KMWorld Trend-Setting Products of 2011 – KMWorld Magazine

onetrackmindcycling:</p>
<p>kinsssthetics:</p>
<p>prank me</p>
<p>next up on the otm submission list… hint hint<br />
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<p>Via <a href=Scoop.it – Designing designed customer service

KMWorld Trend-Setting Products of 2011KMWorld MagazineConsona: Consona KM 8.0- a true knowledge management solution with enhanced usability for administrators and knowledge authors and editors with tools for the internationalization of knowledge…
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So We Adapt. What’s the Downside? — HBS Working Knowledge

Found at So We Adapt. What’s the Downside? — HBS Working Knowledge.

Adaptability is a current byword in a world filled with uncertainty at all levels, including that of the individual. We adapt by listening to and heeding customers. We adapt by delegating authority, often to teams operating at the lowest levels of the organization

Read all at So We Adapt. What’s the Downside? — HBS Working Knowledge.

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Social breathes new life into Knowledge Management for Customer Service | Forrester Blogs

velover:  hm7:  donblog:  (via birdsbiking, naybowl)

Looking back I do not see that much progress in how Customer Service approaches Knowledge Management in the last decade. My working thesis is that there will rise an urgent need for distributing over all the emergent channels.

Found at Social breathes new life into Knowledge Management for Customer Service | Forrester Blogs.

You have to admit that knowledge management (KM) is hard – it’s hard to explain, hard to implement, hard to do right. It’s not just technology. It is a combination of organizational realignment, process change and technology combined in the right recipe that is needed to make KM successful. And when it is successful, it delivers real results – reduced handle times, increased agent productivity and first closure rates, better agent consistency, increased customer satisfaction. Check out the case studies on any of the KM vendor’s sites to see real statistics.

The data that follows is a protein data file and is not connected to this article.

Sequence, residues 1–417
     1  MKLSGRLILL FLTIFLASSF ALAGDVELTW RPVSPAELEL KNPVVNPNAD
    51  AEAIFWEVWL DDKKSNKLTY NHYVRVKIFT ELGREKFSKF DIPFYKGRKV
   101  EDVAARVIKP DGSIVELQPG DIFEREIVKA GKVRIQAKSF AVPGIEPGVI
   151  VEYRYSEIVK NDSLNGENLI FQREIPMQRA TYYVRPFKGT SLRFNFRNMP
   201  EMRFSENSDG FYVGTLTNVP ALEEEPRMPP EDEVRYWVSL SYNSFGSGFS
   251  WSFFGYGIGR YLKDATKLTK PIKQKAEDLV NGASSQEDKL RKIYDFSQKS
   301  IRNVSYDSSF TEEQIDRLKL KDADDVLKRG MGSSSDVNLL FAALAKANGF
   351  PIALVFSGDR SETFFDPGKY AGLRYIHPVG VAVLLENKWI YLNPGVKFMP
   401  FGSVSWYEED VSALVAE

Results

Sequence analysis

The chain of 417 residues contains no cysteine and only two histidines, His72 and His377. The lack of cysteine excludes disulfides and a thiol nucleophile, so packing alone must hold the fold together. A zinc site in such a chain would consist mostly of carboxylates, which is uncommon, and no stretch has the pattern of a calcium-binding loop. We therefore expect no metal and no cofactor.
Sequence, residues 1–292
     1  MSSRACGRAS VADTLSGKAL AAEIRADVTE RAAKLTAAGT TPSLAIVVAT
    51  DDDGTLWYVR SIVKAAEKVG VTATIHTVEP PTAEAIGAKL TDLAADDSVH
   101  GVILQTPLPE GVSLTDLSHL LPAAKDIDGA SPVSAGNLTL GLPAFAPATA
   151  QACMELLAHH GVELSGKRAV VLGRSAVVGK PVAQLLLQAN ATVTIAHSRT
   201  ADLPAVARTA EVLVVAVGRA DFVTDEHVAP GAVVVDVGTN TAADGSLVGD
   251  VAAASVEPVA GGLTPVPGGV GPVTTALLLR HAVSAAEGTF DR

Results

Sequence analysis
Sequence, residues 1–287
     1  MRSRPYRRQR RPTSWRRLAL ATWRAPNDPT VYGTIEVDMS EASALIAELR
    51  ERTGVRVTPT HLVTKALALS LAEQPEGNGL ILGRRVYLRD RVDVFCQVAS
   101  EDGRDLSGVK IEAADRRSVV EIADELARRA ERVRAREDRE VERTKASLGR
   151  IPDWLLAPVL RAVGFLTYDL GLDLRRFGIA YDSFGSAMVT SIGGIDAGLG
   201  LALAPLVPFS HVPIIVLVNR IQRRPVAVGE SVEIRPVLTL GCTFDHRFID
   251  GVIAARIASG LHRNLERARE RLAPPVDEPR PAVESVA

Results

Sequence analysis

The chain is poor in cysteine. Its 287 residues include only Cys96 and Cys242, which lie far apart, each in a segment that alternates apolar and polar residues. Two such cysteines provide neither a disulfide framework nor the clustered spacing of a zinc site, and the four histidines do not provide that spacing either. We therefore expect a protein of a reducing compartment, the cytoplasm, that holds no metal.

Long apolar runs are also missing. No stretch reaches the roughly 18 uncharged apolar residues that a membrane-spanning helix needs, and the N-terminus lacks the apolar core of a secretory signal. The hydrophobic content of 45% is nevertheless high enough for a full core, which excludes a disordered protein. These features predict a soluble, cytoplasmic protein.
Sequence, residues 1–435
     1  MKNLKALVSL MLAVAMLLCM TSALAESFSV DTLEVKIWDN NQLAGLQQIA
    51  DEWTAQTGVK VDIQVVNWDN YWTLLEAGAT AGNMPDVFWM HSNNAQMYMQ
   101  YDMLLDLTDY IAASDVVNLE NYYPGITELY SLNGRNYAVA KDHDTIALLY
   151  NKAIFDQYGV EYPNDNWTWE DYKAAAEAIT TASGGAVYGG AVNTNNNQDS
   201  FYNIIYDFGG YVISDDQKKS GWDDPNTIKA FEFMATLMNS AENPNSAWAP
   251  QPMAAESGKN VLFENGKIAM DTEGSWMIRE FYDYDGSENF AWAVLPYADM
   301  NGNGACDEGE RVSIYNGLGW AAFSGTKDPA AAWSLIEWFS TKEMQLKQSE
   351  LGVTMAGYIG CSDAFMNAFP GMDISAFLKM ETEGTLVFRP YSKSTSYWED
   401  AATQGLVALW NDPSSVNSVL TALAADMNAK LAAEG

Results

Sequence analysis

Read more at Social breathes new life into Knowledge Management for Customer Service | Forrester Blogs.

Photocredit: velover:

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Are You Wasting Money On Useless Knowledge Management? – Ian MacMillan, Max Boisot, and Martin Ihrig – The Conversation – Harvard Business Review

Working in a customer contact center, this is not a hard one. Focusing on first line completion and first time fix are relevant KPI’s. It becomes difficult as soon as we change the context in a multi-channel customer journey with internal and social external touchpoints.

Found at Are You Wasting Money On Useless Knowledge Management? – Ian MacMillan, Max Boisot, and Martin Ihrig – The Conversation – Harvard Business Review.

Is your company investing in expensive knowledge management systems that are useless for making big, strategy decisions? Most companies recognize the need for knowledge management, but often delegate it to the IT and HR departments without linking it to corporate strategy, often thereby wasting both resources and the strategic options their firm’s knowledge could generate.

To be continued at Are You Wasting Money On Useless Knowledge Management? – Ian MacMillan, Max Boisot, and Martin Ihrig – The Conversation – Harvard Business Review

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Again recommended: The Three Eras of Knowledge Management – Summary

Knowledge Management was recognised as a serio...
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Found at  conversation matters: The Three Eras of Knowledge Management – Summary.

The Three Eras of Knowledge Management – Summary

I have posted lengthy descriptions of each of the three eras of knowledge management and here I have made a brief summary of all three. I have also made substantial changes to the third era in this post. If you would like to view each era in more detail just click on the heading of that era in this post.

Since the term “knowledge management” came into popular usage, there have been three significant changes in how organizations have thought about their knowledge. Each successive era has expanded the type of knowledge that organizations considered important without eliminating the need for and use of the previous type of knowledge.

Knowledge management began in the mid 1990’s. Before that time knowledge was typically considered the province of training and was thought of as an individual capability. However, in the mid-90s Peter Drucker began to write about “knowledge workers” and the “knowledge economy” and proposed the idea that knowledge was a critical organizational asset that was as important as capital or property.

Screen shot 2010-08-01 at 9.13.24 AMTo be continued at http://www.nancydixonblog.com/2010/08/the-three-eras-of-knowledge-management-summary.html?utm_source=feedburner&utm_medium=feed&utm_campaign=Feed:+ConversationMatters+(conversation+matters)

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